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Future Freight Networks : Yearbook 2012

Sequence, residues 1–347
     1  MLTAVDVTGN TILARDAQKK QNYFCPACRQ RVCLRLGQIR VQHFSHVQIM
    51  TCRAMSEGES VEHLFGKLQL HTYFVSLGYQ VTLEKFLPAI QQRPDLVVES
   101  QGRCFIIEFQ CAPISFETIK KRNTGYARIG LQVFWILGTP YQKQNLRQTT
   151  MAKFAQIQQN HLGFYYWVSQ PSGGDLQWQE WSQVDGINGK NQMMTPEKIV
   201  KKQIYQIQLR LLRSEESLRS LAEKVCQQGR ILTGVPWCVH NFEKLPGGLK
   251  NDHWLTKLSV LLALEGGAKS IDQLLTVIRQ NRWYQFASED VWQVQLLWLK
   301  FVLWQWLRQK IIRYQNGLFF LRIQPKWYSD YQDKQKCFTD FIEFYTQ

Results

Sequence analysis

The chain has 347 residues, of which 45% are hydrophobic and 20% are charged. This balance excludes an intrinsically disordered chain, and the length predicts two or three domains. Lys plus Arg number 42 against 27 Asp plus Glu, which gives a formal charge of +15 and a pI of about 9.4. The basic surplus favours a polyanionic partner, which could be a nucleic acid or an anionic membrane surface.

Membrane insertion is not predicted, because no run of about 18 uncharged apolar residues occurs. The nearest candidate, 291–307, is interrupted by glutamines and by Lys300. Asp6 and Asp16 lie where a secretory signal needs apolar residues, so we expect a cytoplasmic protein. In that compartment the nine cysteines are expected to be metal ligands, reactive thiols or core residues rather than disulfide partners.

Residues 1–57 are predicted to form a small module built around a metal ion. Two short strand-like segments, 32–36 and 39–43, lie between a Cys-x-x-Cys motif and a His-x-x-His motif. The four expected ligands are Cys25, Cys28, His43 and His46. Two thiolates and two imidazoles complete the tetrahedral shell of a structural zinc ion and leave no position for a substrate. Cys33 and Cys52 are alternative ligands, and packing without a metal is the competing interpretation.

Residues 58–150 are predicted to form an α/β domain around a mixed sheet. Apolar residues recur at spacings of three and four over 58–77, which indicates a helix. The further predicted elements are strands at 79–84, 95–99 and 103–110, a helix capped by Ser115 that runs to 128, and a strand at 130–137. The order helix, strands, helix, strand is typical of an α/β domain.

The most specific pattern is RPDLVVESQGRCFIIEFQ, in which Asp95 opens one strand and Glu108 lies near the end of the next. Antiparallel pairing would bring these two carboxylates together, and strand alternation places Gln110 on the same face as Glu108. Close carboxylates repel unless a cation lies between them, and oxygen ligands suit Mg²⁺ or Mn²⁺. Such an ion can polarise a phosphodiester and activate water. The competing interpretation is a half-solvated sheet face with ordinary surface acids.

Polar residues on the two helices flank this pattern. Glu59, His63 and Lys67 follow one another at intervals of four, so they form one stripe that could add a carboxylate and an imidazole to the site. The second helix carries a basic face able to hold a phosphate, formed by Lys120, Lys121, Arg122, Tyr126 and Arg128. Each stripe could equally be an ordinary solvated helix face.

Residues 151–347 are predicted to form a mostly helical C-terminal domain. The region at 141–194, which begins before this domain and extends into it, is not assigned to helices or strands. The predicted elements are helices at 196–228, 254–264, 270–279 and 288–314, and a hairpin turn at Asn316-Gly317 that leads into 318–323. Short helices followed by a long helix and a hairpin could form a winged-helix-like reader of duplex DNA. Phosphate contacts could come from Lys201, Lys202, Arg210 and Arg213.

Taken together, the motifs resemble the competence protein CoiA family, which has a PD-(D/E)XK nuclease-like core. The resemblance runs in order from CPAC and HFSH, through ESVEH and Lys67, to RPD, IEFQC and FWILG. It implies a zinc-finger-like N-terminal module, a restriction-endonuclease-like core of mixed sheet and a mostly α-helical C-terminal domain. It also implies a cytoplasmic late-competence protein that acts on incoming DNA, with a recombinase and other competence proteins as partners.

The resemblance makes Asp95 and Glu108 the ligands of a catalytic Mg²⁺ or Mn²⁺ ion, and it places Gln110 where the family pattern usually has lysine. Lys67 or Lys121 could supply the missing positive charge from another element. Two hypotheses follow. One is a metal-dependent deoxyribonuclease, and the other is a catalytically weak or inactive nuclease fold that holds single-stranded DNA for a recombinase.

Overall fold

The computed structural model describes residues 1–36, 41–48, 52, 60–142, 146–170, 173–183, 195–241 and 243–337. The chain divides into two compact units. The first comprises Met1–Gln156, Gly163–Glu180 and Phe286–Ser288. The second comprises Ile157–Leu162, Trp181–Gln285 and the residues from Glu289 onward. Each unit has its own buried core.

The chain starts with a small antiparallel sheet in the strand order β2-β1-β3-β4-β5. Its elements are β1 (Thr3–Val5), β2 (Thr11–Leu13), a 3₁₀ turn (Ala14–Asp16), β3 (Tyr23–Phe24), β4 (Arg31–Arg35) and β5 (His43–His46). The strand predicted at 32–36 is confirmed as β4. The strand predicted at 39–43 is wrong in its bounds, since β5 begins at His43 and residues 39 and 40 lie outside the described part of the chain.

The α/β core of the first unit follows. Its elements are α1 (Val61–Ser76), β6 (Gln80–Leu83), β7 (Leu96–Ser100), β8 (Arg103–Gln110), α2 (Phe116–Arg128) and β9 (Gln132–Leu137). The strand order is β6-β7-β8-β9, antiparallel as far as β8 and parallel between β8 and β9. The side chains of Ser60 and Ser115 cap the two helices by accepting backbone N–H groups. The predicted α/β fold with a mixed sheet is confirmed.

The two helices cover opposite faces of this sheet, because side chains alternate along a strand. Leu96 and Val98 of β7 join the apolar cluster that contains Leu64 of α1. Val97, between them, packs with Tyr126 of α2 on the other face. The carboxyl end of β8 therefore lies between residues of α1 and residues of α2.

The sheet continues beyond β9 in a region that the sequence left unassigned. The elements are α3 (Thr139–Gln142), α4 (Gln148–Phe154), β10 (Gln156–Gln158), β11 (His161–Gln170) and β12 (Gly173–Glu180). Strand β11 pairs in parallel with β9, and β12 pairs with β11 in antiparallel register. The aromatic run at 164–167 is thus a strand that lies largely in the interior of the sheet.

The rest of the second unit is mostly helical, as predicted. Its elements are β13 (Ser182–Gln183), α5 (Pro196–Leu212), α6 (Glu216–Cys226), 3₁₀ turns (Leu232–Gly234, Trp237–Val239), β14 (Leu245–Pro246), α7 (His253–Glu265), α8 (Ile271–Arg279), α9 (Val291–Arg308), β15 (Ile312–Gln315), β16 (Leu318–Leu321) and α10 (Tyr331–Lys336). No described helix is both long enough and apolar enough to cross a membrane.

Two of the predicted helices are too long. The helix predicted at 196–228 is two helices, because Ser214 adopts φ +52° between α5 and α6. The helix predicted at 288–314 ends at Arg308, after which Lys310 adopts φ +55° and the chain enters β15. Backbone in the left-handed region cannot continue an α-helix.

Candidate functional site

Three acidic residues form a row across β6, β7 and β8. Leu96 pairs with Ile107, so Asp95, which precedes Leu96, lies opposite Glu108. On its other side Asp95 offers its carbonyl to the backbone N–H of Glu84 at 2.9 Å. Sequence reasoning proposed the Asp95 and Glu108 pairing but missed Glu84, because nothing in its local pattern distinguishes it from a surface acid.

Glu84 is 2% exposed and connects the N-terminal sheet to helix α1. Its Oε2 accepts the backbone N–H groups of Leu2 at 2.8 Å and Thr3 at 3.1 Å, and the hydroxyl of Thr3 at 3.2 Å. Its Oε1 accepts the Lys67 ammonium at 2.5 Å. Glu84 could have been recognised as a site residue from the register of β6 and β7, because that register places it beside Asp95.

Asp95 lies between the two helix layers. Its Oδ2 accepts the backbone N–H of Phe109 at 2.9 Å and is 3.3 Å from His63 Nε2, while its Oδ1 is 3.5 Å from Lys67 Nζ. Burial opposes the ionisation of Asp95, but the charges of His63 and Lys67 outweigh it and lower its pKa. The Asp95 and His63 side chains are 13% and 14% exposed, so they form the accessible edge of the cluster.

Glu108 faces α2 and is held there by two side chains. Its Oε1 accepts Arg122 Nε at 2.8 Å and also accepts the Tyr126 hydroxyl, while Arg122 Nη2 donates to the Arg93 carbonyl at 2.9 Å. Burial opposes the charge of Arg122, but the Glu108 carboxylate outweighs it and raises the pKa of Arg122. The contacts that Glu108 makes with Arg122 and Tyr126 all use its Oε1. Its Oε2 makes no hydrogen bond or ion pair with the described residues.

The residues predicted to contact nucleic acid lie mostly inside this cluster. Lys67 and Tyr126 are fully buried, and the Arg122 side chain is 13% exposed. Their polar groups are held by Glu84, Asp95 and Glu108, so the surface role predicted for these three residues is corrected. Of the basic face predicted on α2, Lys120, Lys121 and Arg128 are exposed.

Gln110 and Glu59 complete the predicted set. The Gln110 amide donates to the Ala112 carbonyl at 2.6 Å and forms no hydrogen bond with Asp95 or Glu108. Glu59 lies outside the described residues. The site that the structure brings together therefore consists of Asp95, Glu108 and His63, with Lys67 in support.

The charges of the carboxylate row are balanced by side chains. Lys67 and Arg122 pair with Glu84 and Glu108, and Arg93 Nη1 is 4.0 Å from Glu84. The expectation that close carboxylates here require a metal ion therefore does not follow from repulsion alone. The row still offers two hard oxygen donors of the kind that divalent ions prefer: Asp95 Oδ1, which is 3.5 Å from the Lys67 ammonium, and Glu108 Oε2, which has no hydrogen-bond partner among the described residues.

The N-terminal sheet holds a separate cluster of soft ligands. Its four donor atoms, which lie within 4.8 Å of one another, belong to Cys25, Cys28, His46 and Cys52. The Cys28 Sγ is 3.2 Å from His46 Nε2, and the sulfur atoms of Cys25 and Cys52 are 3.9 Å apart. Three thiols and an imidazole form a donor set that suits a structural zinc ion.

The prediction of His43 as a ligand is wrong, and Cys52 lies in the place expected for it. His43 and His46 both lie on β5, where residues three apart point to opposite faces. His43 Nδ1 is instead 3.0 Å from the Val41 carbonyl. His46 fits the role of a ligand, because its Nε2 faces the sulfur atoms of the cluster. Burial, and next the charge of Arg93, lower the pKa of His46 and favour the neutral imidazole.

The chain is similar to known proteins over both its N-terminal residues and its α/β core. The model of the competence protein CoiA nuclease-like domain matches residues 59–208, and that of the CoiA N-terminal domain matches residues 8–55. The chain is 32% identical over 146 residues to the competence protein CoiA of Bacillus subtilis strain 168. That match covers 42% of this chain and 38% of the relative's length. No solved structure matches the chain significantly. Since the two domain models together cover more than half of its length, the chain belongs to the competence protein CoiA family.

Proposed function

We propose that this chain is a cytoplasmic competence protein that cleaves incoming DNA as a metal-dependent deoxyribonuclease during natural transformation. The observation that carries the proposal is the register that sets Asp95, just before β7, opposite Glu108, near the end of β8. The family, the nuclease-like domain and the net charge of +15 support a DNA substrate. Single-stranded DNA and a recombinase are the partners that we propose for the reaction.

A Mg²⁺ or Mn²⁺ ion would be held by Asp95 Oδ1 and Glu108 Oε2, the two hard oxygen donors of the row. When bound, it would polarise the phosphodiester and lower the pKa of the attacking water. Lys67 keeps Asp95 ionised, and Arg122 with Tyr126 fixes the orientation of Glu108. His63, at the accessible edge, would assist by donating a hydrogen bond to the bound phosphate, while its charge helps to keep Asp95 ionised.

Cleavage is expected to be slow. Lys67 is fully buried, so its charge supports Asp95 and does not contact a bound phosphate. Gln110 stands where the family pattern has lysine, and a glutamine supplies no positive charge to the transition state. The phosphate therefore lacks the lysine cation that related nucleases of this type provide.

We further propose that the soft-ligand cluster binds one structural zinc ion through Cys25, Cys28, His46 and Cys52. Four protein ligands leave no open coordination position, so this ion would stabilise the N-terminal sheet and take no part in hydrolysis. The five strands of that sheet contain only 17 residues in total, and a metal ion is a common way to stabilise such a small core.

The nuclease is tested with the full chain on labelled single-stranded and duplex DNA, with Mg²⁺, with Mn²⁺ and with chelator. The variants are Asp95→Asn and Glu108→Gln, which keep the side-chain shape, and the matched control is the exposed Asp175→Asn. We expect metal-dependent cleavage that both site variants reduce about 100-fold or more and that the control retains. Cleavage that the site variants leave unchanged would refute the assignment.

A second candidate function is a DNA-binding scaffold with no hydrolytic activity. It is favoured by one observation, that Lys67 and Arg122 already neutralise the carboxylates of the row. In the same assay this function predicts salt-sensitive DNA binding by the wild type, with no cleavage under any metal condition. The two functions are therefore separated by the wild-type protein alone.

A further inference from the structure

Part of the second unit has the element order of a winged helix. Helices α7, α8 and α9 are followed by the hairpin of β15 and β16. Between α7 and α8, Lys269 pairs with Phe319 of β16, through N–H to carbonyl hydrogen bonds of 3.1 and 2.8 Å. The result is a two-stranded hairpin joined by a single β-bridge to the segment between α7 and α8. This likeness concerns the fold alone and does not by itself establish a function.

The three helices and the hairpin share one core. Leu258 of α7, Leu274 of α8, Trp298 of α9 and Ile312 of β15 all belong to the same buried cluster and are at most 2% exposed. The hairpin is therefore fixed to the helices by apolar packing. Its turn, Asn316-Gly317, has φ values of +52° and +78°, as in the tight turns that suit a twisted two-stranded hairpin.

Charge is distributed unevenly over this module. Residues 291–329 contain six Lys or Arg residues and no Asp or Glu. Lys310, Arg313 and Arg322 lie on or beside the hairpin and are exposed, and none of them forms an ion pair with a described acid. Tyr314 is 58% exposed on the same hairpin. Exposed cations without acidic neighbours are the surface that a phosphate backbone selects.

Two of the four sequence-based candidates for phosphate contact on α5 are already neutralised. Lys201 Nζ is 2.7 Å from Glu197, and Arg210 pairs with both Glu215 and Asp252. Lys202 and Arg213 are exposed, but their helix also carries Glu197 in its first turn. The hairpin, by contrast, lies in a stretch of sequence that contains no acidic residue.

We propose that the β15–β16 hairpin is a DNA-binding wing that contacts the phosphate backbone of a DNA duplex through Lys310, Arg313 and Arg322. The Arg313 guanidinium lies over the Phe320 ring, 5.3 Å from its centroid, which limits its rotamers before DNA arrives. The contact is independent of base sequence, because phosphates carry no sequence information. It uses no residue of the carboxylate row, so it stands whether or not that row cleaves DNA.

TABLE 4: Ensuring consistency in regulation Open Access Regimes. Ensure that, wherever practical, all significant new transport infrastructure is subject to an open access regime, and develop improved regulatory processes to reduce the delays and costs to access seekers and access providers. IA has argued the case for open access to infrastructure, and the need for reform to ensure efficiency in the use of resources while recognising the role of pricing to ensure adequate return to owners of such infrastructure (terminals, rail, ports). This is an issue for competition policy, with the most recent case being focused on access by competitors to rail infrastructure in the Pilbara, with BHP/Rio being required to allow other mining companies to use their rail infrastructure. Streamline PPP Approvals. Develop streamlined PPP approval processes to facilitate private investment in transport infrastructure. Greater private sector, including superannuation, investment in transport infrastructure is essential. IA's Infrastructure Financing Working Group will be critical and its recommendations must be translated into better practice by all governments. Community and industry antipathy towards high-value tollroads must be addressed, as this could impede private investment. Uniform Rail Standards. Implement nationally uniform technical, safety and communications standards for rail operations. Adoption of the National Rail Safety Legislation and the creation of the National Rail Safety Regulator should remove regulatory inconsistencies currently faced by rail operators who operate across borders. Road Pricing. Reform road pricing to facilitate the efficient use of road vehicles and appropriate allocation of the freight task between road and rail. The COAG Urban Congestion Review argued the case for trials on road pricing. IA has also supported the use of road pricing to better manage demand for urban road networks. Substantial action is yet to be achieved on this issue. It is an issue that requires a coordinated national approach, and hence needs to be progressed through COAG/SCOTI. High Productivity vehicles. Reduce the regulatory barriers to the introduction of innovative high-productivity vehicles. The Standing Council on Transport and Infrastructure was asked to approve a set of recommendations to simplify the Performance Based Standards (PBS) scheme and to improve the likelihood of network access for PBS vehicles. Road access for Higher Mass Limits vehicles is still unnecessarily limited in some jurisdictions. This may improve with the creation of the National Heavy Vehicles Regulator. Over-dimension vehicles. Adopt nationally consistent and less burdensome regulation to reduce the costs associated with the movement of over-dimension vehicles. Over-dimensional transport is generally only permitted for the movement of large, indivisible items that cannot be broken down and transported within prescriptive dimensional limits. Regulations often vary from jurisdiction to jurisdiction. This is an issue that needs to be addressed by the National Heavy Vehicle Regulator to ensure consistency in interpretation and application of regulations governing access to road networks by these vehicles. Harmonise Fatigue Management. Harmonise legislative processes and regulatory arrangements associated with the implementation of the national fatigue management system. It is difficult to make an assessment of fatigue policy outcomes until the detail of the Heavy Vehicle National Law is available. It is expected that the implementation of the National Road Safety Regulator should lead to more consistent enforcement of fatigue provisions. 80